Loop Control

Fine points of compressor surge control

Compressor damage and costly production outages can be prevented by attention to surge curves, control strategies and valve response.

By Greg McMillan and Stan Weiner

Greg: I learned early in my career that compressor surge is the fastest phenomenon that occurs in process industries around turbomachinery, and with the most disastrous consequences. We had huge axial air compressors whose acceleration upon surge during tests was measured to be 2,000 rpm/sec from the unloading during flow reversal. We used a derivative module to trip the compressor in less than a second. While this compressor was undoubtedly special, the fact remains that when a compressor goes into surge, the compressor flow can reverse direction in less than 0.02 seconds. It’s like running up a hill and just as you get to the top, you come to a cliff, can’t stop in time and go over the edge.

This corresponds to an operating point moving up the compressor characteristic curve to the point of maximum pressure rise, then coming to a sudden reversal in the sign of the slope of the characteristic. Not typically shown on compressor maps is that the slope of the performance curve becomes positive after reaching a maximum, so that as the flow decreases, the pressure rise from suction to discharge also decreases, creating positive feedback.

Another factor contributing to developing surge is the rotating stall phenomenon, which can push the operating point into full surge. The overall result is that the operation of the compressor becomes unstable, with self-sustaining oscillations, as the operating point jumps to a negative flow region, then rapidly recovers as the pressure ratio across the compressor drops. The surge cycle then repeats itself. The surge cycle period varies from about 0.1 seconds in benchtop tests of laboratory-scale units to about 1-3 seconds in large industrial installations. My book, "Centrifugal and Axial Compressor Control," reveals the path of the operating point on the unseen compressor map to the left of the surge curve and the resulting oscillations in suction flow and discharge pressure, as well as the dynamic model that will show this behavior. Naum Staroselsky was the person who triggered many of my thoughts and was the ultimate expert in my book, literally and figuratively, as exemplified by his article “Improved Surge Control for Centrifugal Compressors,” Chemical Engineering, May 1979.

Stan: Naum Staroselsky was the first person to emphasize the precipitous drop in flow during surge, the exceptional requirements as to how fast the automation control system needed to respond, and that feedback control by itself often could not get a system out of surge because the oscillations were so severe and fast.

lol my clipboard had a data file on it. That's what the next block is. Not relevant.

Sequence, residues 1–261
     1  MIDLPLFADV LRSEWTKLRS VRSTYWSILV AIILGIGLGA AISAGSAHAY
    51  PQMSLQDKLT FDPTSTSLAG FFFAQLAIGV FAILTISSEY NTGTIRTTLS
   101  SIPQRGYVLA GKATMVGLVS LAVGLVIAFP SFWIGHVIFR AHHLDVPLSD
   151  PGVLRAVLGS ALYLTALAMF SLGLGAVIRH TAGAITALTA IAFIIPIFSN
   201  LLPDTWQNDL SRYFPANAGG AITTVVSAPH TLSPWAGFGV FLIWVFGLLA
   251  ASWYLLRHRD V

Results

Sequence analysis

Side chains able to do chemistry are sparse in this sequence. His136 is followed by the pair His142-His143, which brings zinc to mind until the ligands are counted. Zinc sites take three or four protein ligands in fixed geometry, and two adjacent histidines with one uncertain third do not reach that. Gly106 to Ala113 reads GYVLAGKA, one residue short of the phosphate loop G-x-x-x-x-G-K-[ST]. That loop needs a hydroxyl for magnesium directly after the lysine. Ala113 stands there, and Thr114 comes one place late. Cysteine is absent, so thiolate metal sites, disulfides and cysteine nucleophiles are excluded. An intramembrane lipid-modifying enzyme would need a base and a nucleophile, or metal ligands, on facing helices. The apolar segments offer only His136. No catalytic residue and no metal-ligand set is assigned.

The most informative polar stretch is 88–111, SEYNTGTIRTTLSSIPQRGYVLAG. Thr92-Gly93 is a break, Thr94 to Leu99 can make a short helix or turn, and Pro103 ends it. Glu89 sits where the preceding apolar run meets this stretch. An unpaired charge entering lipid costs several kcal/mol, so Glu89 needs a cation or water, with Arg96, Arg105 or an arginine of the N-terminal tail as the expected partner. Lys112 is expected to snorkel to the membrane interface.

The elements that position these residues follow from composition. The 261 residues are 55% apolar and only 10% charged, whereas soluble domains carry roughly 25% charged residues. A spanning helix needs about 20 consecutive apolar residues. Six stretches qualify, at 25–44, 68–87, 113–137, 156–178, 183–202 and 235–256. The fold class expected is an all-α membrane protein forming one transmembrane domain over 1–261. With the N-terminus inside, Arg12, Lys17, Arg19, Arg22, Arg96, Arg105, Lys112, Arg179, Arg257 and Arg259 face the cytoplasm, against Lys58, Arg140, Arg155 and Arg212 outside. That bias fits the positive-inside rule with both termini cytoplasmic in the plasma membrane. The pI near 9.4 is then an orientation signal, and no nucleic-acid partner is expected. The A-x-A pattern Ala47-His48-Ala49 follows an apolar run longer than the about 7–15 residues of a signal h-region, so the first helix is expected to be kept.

Greg: I had the privilege of talking with Naum several times back in the 1980s. He developed the essential speed-of-response requirements of each component in the system, as well as algorithms for dealing with these fast transients. He also implemented strategies for compressors operating in series to increase the total pressure rise and in parallel to increase the total flow capacity. Here we have the opportunity to get a review and update with Naum’s son, Serge Staroselsky, who is the chief technical officer for Compressor Controls Corporation.

Stan: Which types of compressors have the most severe surge cycles and damage?

Serge: Axial compressors are more susceptible to damage due to their design. The issue of protection from damage caused by surge has always been very important to anyone operating turbomachinery. Emphasizing this point, the latest edition of API Standard 670, “Machinery Protection Systems” (5th Edition), has a dedicated section on surge protection, which mandates a separate surge detector for axial compressors and recommends segregated detection for critical centrifugal machines deemed susceptible to surge damage, such as compressors operating at very high pressures (e.g., reinjection service). If you have a redundant system, you can integrate the detector into the compressor control system, but the preference is for a segregated system. The detection system protects the compressor, in case the primary antisurge system fails to do so, by either opening the antisurge valve via a trip solenoid, actually tripping the unit, or both.

Almost every compressor will eventually suffer damage from excessive surge cycles. In most cases, it’s continuous rather than individual surge cycles that cause mechanical damage. Our recommendation is to always prevent three or more successive surge cycles in the time period on the order of 10 seconds, whereas the guidelines by some manufacturers may be more conservative, and use three or more surge cycles in a time period as long as half an hour. In many cases, even if there's no damage to the compressor due to surge, there is a severe process upset that may lead to lost production. The financial implications increase if you're talking about more than one surge cycle, since the process may not be able to recover, resulting in equipment tripping and a subsequent lengthy startup period.